This week, the government of Costa Rica asked for an increase of ¢145 in the price of gasoline, this to offset their recent request to lower the price of diesel fuel by exempting diesel from government taxation.

The price of super gasoline would go up to ¢801 per liter and diesel prices would fall by ¢97. Gasoline today is $5.10 per gallon for super, $4.97 for regular and $4.82 for diesel. One US gallon = 3.79 liters, so after this change, a gallon of super will be ¢3,036 or $5.88. With the regular monthly increase coming in July, $6.00 per gallon gas is pretty much assured.

Currently, the cost for a gallon of diesel is $4.82, so this will drop to about $4.11. Sounds like a nice windfall for those who chose to buy dieseled vehicles right? Nope… the government giveth and the government taketh away.

Continue reading »

Costa Rica Takes Action to Control Gasoline Usage Part 1

June 27th, 2008

Mopt restrictionsFor quite some time now, the government has placed restrictions on what vehicles could enter San Jose. This was more done to lessen the overwhelming traffic in San Jose during peak hours than to control gasoline usage. All non commercial vehicles were affected.

The system was/is simple enough. You were restricted from entering San Jose for about 2 hours each morning rush hour and two hours during the afternoon rush based on your license plate. For me it was rarely an issue, and when it was, I just drove the circunvalación, the road that runs around San Jose and locally known as “the rotundas” because of the numerous traffic circles in that route. Sometimes I’d drive the La Uruca route. No big deal.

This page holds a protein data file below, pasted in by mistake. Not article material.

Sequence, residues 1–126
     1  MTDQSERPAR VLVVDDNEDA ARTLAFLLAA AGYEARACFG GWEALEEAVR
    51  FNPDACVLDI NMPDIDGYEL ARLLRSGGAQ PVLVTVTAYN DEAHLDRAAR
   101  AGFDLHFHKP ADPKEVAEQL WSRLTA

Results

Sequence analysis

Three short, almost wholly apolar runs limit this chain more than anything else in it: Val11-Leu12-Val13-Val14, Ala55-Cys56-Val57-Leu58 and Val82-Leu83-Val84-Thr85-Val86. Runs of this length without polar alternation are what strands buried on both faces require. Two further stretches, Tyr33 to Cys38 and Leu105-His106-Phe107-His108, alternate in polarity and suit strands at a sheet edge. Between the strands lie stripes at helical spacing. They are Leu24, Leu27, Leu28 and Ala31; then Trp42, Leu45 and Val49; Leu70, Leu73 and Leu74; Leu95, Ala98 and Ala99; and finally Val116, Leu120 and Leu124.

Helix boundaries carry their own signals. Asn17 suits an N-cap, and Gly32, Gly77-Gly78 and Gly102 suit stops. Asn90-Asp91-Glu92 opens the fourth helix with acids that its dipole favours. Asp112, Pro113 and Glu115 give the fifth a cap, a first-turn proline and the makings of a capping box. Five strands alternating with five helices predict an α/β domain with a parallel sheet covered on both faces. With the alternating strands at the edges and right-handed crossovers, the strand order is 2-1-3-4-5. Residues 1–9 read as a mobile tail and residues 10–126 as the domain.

Well this all changed this week as the government expanded enormously the restricted areas and the hours of restriction, and yesterday, over a thousand folks learned this the hard way and got a little $10 traffic citation for their ignorance.

Continue reading »

Gasoline Crosses $5.00 per Gallon Threshold

June 10th, 2008

Today Costa Rica awoke to gas prices that now exceed $5.00 per US Gallon. Before I delve into this more, it is worthwhile discussing world gasoline prices.

Caution! Rant coming!

As most expats, I watch the current political battle for the Presidency of the United States. I watch as Barrack Obama and others make their stupid claims that they will “do something” about the price of gasoline in the US, now over $4.00 per gallon in 23 states. They just don’t get it. To me, it as is stupid as their claims that they will stem the outflow of jobs from the USA to other countries. I have news for them. The first will not happen without strong leadership and new ideas (which neither candidate has even remotely shown) and it is years too late the do anything about the second.

Continue reading »

Subscribe in a reader

Search this Blog